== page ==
with each other, they perceive significant benefits in their daily interaction
with each other with fixed exchange rates.

Introduction of the Euro into the international financial markets helps


these member countries in at least three different ways: i) countries in the
Euro zone enjoy lower transaction costs; ii) currency risks and costs
related to exchange rate uncertainty are reduced; iii) all consumers and
businesses both inside and outside the Euro zone enjoy price transparency
and increased price-based competition. Member EMS countries that have
not joined the Euro yet, have been weighing the pros and cons of doing so.

The UK feels the Euro will increasingly infringe on its sovereignty and has
so far decided not to participate. Sweden does not see significant benefits
from EU membership as one of its newest members and so has not joined.
Denmark, like the UK and Sweden, has a strong political element which is
highly nationalistic, and has also stayed away.

Monetary policy for the EMU is conducted by the European Central Bank
(ECB), which has the major responsibility of safeguarding the stability of
the Euro. Stability is achieved by protecting the currencys purchasing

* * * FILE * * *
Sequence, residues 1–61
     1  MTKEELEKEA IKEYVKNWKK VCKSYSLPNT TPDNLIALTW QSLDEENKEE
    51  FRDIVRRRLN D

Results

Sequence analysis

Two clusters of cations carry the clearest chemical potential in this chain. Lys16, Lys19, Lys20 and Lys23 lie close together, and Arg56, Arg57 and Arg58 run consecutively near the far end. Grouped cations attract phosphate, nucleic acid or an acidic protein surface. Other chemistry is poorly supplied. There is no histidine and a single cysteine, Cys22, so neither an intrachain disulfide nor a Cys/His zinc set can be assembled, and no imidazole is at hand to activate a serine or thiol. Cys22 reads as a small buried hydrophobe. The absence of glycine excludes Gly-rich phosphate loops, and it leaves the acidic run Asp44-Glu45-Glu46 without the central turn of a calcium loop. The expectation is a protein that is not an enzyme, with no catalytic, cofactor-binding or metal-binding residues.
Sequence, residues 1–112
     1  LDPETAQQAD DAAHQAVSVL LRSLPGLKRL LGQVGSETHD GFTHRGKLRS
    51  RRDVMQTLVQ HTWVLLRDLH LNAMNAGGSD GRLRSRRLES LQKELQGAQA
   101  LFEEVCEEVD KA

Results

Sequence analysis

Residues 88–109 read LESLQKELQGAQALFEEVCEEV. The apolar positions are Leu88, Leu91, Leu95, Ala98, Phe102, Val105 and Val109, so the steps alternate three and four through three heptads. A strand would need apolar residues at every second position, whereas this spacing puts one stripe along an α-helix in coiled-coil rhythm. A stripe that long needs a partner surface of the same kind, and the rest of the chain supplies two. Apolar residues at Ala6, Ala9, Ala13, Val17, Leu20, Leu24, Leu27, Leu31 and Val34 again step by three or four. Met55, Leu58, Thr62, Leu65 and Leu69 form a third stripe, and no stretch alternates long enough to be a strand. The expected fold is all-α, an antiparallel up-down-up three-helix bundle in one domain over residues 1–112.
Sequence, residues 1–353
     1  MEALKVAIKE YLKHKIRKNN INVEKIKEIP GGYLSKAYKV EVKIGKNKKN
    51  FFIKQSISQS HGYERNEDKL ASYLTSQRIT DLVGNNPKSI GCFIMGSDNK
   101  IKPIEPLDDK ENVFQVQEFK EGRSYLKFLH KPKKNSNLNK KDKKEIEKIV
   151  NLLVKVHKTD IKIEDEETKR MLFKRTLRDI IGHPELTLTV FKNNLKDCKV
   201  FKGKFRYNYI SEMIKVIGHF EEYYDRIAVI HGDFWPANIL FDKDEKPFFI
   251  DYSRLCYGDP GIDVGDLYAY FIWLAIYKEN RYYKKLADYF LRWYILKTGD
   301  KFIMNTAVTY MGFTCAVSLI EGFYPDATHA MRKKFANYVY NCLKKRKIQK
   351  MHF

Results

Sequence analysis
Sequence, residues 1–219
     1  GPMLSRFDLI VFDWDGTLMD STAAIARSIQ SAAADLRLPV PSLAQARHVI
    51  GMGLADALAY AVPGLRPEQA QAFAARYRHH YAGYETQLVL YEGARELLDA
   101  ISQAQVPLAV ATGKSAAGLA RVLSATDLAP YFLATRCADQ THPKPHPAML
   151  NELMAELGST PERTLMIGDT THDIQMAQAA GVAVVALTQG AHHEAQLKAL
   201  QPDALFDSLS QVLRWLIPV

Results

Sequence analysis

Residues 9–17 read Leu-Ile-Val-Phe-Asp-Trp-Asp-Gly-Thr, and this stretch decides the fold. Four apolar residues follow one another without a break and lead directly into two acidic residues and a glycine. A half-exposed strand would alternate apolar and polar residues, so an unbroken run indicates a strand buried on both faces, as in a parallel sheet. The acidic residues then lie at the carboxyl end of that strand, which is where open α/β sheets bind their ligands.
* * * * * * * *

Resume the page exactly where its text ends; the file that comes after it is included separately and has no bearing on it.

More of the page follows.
power which can quickly erode with inflation. The ECB, which has been
modeled after the Federal Reserve System in the US or the Bundesbank in
Germany, will target inflation so as to reduce the probability of
undermining the Euro.

The idea of optimum currency areas emerges from the trade-off between
the gains and losses implicit in too large or too small unit currency areas.
In other words, such an optimum currency area trades off the lower
transaction costs associated with a single currency against its greater
vulnerability to economic shocks. It is difficult to assess how large or
small such an optimum currency area should be. Some economists argue
that Europe would be better with four or five different regional currencies
than only one. Similarly, some others have argued that the US too might
do better with several regional currencies to cushion shocks such as the
ones in the Midwest and the Southwest during the 1980s and the
Northeast and California in the 1990s.

However, the experience with floating exchange rates since the 1970s will
encourage second thoughts among the proponents of that system. On the
other hand, economic flexibility, especially of labor markets is critical to
costs associated with currency union. Such flexibility can be attained
through further deregulation, privatization, freer trade, labor market and
social welfare reform, as well as a reduction in economic controls, state
subsidies, and business regulations. If these changes do not occur in a
sizable single currency area such as the Euro zone or the US for that
matter, monetary union will intensify economic shocks because their